June 22, 2008
June 22, 2008
June 25, 2008
13.1172.1 - 13.1172.18
Teaching Reinforced Concrete Design with Mathcad Application
Reinforced Concrete Design is typically offered as a senior-level required course in an undergraduate Civil Engineering or Civil Engineering Technology curriculum. The design of various components of a building structure is performed based on the American Concrete Institute (ACI) Building Code 318. One of the major topics covered in the course is design of beams. The design involves myriad computations to account for several aspects of the design: from determining the required strengths of the beam, to selecting an adequate beam size and the necessary amount of steel reinforcement, to checking for deflection and crack widths, to ensuring adequate development lengths for selected steel reinforcing bars. All these topics are usually covered as separate modules in traditional lecture-format instruction.
Typically code-based structural design uses trial-and-error procedure that often requires several iterations, involving tedious, repetitive calculations. Also, only a limited number of examples can be presented in the classroom due to time constraint. To circumvent the situation, a logical option is to capitalize on the computer’s abilities to compute, and interface with the user.
The purpose of this paper is to present a computer-based problem-solving courseware that has been developed to complement traditional lecture-format delivery of the Reinforced Concrete Design course to enhance student learning. The courseware consists of several interlinked modules, each addressing a different aspect for design of a beam.. The Mathcad software, which supports custom designed documents called electronic books that explain complex topics and provide reusable computational templates, has been used to develop the modules. Besides allowing for faster solution of a problem, this tool is useful for providing live math examples that promote the exploration of the underlying relationships between problem variables and solutions. Thus, the students would have a holistic view of the entire design process; more specifically, they will have a better understanding of how the different design parameters are interconnected.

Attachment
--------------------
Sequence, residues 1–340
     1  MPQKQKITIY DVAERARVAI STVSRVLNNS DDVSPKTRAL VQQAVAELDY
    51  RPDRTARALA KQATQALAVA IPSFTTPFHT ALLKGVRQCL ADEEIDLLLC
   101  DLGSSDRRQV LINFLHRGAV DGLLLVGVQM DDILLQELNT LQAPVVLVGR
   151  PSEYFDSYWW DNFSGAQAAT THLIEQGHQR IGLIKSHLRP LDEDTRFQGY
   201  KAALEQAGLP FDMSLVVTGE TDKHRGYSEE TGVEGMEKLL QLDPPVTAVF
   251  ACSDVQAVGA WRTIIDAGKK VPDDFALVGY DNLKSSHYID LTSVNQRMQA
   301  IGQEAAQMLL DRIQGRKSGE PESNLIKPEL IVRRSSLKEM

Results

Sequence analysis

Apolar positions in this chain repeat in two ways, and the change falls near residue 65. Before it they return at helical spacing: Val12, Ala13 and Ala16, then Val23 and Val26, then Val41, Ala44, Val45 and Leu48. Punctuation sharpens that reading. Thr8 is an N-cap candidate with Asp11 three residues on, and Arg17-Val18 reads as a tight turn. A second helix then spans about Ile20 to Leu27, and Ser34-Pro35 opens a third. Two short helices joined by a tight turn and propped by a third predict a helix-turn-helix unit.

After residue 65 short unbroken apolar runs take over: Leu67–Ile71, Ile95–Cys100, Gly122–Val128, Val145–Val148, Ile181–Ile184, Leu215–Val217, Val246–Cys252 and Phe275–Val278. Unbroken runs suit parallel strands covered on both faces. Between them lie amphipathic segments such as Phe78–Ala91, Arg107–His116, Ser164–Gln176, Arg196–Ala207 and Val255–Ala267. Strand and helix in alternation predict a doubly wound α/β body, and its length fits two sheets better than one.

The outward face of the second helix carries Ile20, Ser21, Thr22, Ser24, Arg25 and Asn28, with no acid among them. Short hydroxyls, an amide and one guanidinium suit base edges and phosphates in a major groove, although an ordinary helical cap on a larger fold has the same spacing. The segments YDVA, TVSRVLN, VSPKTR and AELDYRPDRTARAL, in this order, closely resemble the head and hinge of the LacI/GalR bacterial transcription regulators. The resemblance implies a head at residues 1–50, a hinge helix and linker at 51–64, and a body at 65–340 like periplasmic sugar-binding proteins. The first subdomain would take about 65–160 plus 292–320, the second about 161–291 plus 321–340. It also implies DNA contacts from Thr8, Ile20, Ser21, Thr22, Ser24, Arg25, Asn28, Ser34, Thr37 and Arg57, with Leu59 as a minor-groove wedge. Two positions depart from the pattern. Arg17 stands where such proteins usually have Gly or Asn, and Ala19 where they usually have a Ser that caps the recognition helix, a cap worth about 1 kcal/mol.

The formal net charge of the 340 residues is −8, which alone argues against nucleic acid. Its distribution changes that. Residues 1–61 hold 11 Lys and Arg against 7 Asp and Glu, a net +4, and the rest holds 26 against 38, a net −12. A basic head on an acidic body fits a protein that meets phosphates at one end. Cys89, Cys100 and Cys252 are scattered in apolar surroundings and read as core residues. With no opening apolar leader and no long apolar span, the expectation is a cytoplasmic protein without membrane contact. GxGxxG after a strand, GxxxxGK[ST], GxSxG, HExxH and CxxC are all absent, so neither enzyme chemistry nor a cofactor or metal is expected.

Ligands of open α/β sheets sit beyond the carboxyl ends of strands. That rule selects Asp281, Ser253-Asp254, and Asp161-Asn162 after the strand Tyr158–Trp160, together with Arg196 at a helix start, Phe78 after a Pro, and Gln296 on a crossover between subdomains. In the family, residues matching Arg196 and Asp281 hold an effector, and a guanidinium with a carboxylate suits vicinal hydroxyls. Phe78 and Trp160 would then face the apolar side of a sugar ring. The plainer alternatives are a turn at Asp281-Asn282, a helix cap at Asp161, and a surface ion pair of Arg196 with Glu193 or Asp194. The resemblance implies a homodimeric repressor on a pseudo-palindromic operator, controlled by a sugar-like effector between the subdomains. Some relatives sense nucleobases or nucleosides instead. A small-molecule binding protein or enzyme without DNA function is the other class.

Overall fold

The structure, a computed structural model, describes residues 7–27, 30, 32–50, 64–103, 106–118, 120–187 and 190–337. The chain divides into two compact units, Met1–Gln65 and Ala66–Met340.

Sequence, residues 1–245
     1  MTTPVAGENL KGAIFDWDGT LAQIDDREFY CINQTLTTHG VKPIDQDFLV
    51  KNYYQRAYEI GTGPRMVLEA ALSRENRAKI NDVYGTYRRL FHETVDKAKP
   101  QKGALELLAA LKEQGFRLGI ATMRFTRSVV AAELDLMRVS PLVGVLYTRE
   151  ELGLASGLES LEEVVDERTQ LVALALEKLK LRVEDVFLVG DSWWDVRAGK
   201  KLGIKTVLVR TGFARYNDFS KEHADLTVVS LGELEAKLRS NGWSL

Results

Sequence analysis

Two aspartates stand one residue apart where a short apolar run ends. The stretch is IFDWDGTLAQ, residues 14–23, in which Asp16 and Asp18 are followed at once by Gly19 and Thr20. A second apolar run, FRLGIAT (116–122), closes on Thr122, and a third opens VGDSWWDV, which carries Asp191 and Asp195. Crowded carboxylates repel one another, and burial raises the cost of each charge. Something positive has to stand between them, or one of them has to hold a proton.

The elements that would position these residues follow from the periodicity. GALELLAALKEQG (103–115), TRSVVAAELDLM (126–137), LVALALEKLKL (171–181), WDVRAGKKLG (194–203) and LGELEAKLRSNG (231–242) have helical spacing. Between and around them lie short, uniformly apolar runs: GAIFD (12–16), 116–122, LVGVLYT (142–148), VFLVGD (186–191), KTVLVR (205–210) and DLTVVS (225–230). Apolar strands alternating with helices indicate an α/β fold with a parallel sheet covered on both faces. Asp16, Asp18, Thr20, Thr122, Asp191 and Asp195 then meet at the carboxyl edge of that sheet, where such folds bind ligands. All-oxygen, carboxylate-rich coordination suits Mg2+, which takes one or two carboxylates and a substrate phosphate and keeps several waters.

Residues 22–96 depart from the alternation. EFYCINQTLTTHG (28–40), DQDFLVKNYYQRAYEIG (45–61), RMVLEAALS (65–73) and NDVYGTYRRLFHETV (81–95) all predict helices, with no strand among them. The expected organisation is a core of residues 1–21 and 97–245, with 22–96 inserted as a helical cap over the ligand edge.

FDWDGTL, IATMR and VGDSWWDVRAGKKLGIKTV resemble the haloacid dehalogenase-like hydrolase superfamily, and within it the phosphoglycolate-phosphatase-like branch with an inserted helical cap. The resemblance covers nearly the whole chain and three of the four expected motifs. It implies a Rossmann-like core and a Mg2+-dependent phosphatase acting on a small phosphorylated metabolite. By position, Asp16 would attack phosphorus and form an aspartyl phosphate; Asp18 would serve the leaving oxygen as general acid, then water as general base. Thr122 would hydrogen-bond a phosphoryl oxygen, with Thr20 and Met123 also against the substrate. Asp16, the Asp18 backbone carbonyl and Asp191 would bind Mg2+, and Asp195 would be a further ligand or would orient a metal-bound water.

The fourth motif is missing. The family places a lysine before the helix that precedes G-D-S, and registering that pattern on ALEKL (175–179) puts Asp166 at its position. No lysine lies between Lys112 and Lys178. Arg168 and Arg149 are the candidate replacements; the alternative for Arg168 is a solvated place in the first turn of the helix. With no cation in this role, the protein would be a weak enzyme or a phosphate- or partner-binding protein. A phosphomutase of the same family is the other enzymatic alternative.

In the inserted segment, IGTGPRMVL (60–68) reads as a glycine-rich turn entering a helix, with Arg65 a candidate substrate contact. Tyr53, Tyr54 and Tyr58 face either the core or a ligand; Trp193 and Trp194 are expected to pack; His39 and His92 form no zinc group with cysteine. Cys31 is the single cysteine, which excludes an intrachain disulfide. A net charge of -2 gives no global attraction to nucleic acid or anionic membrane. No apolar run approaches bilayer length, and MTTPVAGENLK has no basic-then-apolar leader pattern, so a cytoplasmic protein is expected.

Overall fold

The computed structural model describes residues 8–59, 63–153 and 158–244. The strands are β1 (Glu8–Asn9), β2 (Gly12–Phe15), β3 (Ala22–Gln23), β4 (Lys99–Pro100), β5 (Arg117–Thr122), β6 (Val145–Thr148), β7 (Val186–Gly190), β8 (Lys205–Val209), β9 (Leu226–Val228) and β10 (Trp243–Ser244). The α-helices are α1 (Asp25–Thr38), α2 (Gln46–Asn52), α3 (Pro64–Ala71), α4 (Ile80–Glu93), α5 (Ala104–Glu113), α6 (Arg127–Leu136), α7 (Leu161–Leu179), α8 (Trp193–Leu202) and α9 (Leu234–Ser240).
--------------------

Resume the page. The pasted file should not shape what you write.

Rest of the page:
The four-year ABET-accredited Civil Engineering Technology curriculum at Georgia Southern University includes a required, senior-level course in Reinforced Concrete Design. The two main objectives of the course are: (1) the students gain a thorough understanding of the fundamental principles underlying design of various structural components and the relevant stipulations in the ACI Code and (2) they correctly apply that knowledge to various practical design problems. A combination of homework and computational laboratory assignments is used for meeting the second objective. However, a significant amount of design activities is based on trial-and-error procedure that often requires several iterations, involving tedious, repetitive calculations. Also, only a limited number of examples can be presented in the classroom due to time constraint. To circumvent the situation, a logical option is to capitalize on the computer’s abilities to compute, display graphics, and interface with the user, letting students focus on substantive issues and thereby engage in additional problem-solving for varied scenarios, outside the classroom at their own pace.
Das, N. (2008, June), Teaching Reinforced Concrete Design With Mathcad Application Paper presented at 2008 Annual Conference & Exposition, Pittsburgh, Pennsylvania. https://peer.asee.org/3806
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